THE CASE FOR RELIGIOUS LANGUAGE
A band of people who called themselves the logical positivists came up with a principle and with it attempted to totally disprove the whole of religion. Their claim was that religious language is totally devoid of meaning.
The principle they came out with, they called the verification principle. What it said was, a statement has meaning if, and only if, it can be proved or disproved sensually. This was their main argument against religious language. Indeed, this was the one argument against religious language, that it cannot be proved or disproved, therefore it is devoid of meaning.
Anthony Flew argued from this angle.
In John Wisdom’s Parable of the Garden, in an essay he titled ‘Gods’, written in 1944, there are two men- a man who believes a gardener visits the garden unseen and unheard, giving order and life to the garden, and a sceptic, who doesn’t believe in the gardener he, or any other person, has never seen.
Flew uses the sceptic in this parable to illustrate his point. How, exactly, does an invisible, intangible gardener differ from no gardener at all?
His other argument against religious language was religious believers will let nothing count against their beliefs then they cannot be proved because they cannot be falsified.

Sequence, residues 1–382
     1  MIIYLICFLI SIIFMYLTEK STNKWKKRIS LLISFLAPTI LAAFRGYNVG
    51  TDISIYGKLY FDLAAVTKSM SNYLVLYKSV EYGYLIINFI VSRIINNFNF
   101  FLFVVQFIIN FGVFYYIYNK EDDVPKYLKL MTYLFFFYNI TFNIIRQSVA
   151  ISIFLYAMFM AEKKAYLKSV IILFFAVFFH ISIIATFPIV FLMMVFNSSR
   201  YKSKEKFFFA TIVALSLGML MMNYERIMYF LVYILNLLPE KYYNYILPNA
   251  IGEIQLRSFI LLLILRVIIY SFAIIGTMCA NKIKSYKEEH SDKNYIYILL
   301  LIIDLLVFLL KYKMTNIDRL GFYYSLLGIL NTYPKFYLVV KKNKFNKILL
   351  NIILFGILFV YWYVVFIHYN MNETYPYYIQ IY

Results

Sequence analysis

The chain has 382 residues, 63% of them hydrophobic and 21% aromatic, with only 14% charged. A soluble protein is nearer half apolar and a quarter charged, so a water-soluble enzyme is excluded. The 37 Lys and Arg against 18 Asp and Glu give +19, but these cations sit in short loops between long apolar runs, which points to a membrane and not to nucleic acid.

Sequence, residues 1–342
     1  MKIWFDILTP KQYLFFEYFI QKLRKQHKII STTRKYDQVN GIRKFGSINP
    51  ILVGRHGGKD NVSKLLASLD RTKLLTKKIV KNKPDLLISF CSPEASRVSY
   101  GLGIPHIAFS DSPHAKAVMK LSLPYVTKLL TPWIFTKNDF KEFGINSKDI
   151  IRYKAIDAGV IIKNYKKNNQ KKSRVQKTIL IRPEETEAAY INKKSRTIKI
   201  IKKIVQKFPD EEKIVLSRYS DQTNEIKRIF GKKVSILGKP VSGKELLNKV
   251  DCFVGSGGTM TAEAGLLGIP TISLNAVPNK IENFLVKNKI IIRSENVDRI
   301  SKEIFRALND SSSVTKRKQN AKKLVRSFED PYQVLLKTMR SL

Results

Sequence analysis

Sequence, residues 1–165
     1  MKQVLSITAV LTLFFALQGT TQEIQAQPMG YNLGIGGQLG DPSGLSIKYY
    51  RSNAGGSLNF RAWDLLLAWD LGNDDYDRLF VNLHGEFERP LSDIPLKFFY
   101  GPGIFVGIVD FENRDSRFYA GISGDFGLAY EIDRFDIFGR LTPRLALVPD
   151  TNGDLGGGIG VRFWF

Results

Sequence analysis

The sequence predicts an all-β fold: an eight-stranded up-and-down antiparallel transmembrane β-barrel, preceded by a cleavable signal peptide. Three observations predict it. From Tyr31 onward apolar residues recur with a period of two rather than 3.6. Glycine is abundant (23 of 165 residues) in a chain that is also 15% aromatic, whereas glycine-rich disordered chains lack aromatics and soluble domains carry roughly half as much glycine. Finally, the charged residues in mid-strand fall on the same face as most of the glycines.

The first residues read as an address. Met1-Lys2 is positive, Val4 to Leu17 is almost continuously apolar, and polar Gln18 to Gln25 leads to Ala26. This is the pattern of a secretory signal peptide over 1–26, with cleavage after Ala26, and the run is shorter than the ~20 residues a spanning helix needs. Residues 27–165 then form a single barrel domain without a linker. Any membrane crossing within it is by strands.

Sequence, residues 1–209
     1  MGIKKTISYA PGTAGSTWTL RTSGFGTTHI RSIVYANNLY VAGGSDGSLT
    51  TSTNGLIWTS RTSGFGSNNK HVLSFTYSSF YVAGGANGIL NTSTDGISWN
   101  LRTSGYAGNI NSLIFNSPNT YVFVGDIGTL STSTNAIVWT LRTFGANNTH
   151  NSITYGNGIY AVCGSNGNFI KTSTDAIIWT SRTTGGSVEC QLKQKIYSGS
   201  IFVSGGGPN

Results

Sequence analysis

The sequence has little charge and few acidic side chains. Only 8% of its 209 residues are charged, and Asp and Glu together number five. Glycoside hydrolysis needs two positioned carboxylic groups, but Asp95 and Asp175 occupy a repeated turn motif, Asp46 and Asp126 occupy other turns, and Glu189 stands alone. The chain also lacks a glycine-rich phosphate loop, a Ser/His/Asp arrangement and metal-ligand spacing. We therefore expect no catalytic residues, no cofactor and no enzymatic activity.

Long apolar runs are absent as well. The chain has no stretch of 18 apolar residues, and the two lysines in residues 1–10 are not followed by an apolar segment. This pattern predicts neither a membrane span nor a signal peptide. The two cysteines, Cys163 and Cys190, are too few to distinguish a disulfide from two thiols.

Basil Mitchell’s response to this was him trying to prove that religious believers do actually see things that count against their beliefs. Only they don’t believe these things ultimately count against their beliefs.
R. M. Hare coined the term ‘blik’ to describe a state of lunacy where you will not allow anything to count against your beliefs. This was what Mitchell argued- that religious believers do not have bliks.
He gives the parable of the resistance movement and the stranger. A member of the resistance movement of an occupied country meets a stranger who claims to be the resistance leader. The stranger seems truthful and trustworthy enough to the member of the resistance movement, and he places his trust in him wholly. The stranger’s behaviour is highly ambiguous, and at times his trust is tried, at other times his trust in the stranger is strengthened. This is how Mitchell’s parable differs fro Hare’s. In his own words, ‘the partisan admits that many things may and do count against his belief: whereas the lunatic who has a blik about dons doesn’t admit that anything counts against his blik. Nothing can count against bliks.’
His argument is straightforward- religious beliefs are a matter of fact which can be proved or disproved. The stranger knows whose side he is on. After the war the ambiguity of the stranger’s behaviour will be resolved.
In the same way, the existence or non-existence of God, or his love or apathy for us, or his benevolence or malevolence will be proved one day—only after death, and not before. In this way Mitchell proved how religious language is totally meaningful. All that remains is to prove its truthhood or falsity.